B2B SaaS Website Migration Checklist
As you look to migrate your website it is recommended that you utilise a checklist to cover off the main tasks associated with the project. The below list represents a good starting point so that you cover off some of the main tasks needed.
Before you undertake a major upgrade to your B2B SaaS website it is important to have a website migration checklist in place, to work through to ensure a smooth transition. The following represents some of the key steps you should look to undertake as part of the journey. For those looking for a more detailed guide, I have included some links at the bottom.
1. Identify Top Performing Pages
Before you start, use Google Analytics and Search Console to identify the top-performing pages on your website. These are likely to be the Home page, the About us page and some additional pages from the top-level navigation. It may also include some blogs that have secured good rankings for some high-traffic keywords. It is best to ensure that changes to these pages are managed very carefully, especially the URL, meta title, meta descriptions, and H1s. It is also worth checking to assess the number of internal links to these pages to ensure you are not undermining historic efforts by negatively impacting these pages if for example, you are purging legacy pages as part of the process.
2. Crawl Your Site
Use Screaming Frog to crawl your site. They offer a free version or a paid version (circa €185 per year).
With Screaming Frog you can get an idea of your site's existing structure, pages, and assets. You'll have a better view of what pages existed before, what redirects are in place, and what the metadata currently looks like. Doing so could later prove invaluable, should there be any optimization issues on the new site.
Save important information such as:
Recommended Tool: Screaming Frog
3. Undertake Speed Tests
Once the launch of the new website is getting close, take note of the legacy site’s page loading times (key pages - home, product, pricing and About us) and top keyword rankings across desktop and mobile, so you can compare performance post-migration. If you are mostly focused on a US audience make sure to test speed on US servers rather than UK ones to ensure your primary target audience is getting a fast experience. You are primarily looking for scores under 2 seconds. This will be a benchmark you will look to improve on with the new site.
4. Save a Copy of Your SiteMap
Save a copy of the old site’s robots.txt and XML sitemaps in case you need these later. The sitemap.xml file is a document in the Extensible Markup Language (XML) format where all of the URLs of your website that you want to get indexed are listed and its primary function is to help search engine robots find and index your website's pages faster. You can use it in Google Search Console to index the site.
The robots.txt file, is a text file that tells search engine robots which pages on your site should and shouldn't be crawled. For example, pages with duplicate content e.g. landing pages, pages or files intended for internal use, etc. shouldn't be crawled. It is also known as the robots exclusion protocol.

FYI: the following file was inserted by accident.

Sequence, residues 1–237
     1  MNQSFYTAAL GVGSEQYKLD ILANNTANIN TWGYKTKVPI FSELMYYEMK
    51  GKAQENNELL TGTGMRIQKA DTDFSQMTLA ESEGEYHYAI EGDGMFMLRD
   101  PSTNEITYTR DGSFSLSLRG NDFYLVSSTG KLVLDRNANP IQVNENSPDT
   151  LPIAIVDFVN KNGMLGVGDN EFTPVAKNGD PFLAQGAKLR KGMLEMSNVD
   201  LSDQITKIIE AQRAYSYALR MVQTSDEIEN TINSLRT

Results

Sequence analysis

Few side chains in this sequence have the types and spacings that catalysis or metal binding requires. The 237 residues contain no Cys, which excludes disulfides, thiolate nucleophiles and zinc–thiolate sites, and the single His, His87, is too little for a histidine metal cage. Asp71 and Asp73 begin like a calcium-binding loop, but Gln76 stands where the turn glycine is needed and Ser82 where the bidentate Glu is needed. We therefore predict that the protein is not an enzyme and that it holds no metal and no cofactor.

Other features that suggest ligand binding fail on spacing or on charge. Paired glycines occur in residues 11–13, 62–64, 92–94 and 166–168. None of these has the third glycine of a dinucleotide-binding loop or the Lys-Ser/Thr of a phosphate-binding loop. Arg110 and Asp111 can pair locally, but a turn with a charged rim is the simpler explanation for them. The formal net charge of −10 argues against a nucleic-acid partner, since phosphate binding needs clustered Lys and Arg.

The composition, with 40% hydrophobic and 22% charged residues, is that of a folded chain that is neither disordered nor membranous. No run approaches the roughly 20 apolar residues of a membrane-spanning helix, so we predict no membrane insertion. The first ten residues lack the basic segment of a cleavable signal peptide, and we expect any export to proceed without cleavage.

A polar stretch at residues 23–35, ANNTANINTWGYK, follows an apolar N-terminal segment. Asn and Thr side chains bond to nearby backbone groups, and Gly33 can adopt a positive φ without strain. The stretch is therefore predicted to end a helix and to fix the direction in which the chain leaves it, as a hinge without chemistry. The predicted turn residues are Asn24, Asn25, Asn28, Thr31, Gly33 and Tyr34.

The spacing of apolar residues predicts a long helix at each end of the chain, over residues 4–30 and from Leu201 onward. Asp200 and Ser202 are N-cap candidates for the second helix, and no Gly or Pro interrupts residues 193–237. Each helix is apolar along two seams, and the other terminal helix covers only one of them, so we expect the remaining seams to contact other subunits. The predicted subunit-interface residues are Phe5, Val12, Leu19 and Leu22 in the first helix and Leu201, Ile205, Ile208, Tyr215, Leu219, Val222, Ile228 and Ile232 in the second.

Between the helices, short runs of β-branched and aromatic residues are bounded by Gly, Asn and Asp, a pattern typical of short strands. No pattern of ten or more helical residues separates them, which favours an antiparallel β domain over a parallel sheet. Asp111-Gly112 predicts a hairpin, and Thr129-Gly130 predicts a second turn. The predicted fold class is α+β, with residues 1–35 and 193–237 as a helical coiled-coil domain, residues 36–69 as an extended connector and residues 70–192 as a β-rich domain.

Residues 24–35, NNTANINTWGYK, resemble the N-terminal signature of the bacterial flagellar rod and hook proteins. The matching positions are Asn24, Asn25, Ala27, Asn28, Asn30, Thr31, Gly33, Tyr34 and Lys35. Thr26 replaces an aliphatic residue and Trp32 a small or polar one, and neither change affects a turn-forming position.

5. Run a 404 Check
Once the new site is live you need to run a 404 check to identify any broken links that occurred as part of the migration. These can then be quickly fixed as part of the process and in advance of a new Google crawl.
Recommended Tool: Broken Link Checker
6. Reindex via Google Search Console
When migrating a site it is best to reindex the site a few days after the migration once all 404’s have been fixed. You may need to make some additional changes if you are switching domains (see Google Search Console’s change of address functionality).
If you are not using a tool like SEMRush or aHREF’s you may also want to map keyword rankings before the site migration so you can identify top pages that need to be retained. It can also be used for setting up 301 redirects.
Reindex the site using Google Search Console when it goes live so that there is a fresh crawl. You may have updated meta titles and descriptions or fixed broken URLs so again these would need to be recrawled.
Recommended Tool: Google Search Console
7. Add a Google Analytics Annotation
It is also important to add an annotation in Google Analytics as to a new site launch date so that in the years to come any successors in the marketing function have some context as to any inflection points or reasons for major changes in traffic volumes. As most site migrations are designed in part to improve performance it will be important to compare and contrast top KPI’s like Conversion Rates once the migration has bedded down.
Recommended Tool: Google Analytics
8. Undertake a Site Audit
Finally, you can run an audit using a popular SEO tool like SEMRush/aHRefs/ Uber Suggest which will expose any major issues that you can fix as part of the clean-up process. You will also want to test all forms on the site to ensure they are firing correctly, and to ensure Google Tag Manager (which will house your Universal Analytics and GA4 code) is also set up and working.
Finally, if you want a more detailed analysis / more exhaustive list of elements to consider the following guide is highly recommended.
This B2B SaaS Migration Checklist is not designed to be exhaustive. After all, if you are working with an agency or freelancer they should have their own checklist they use to support migration. This checklist does outline some of the main elements to be aware of.
Alan Gleeson is the CEO and Co-Founder of Contento, a B2B SaaS content platform that helps B2B SaaS companies scale via a best-of-breed website.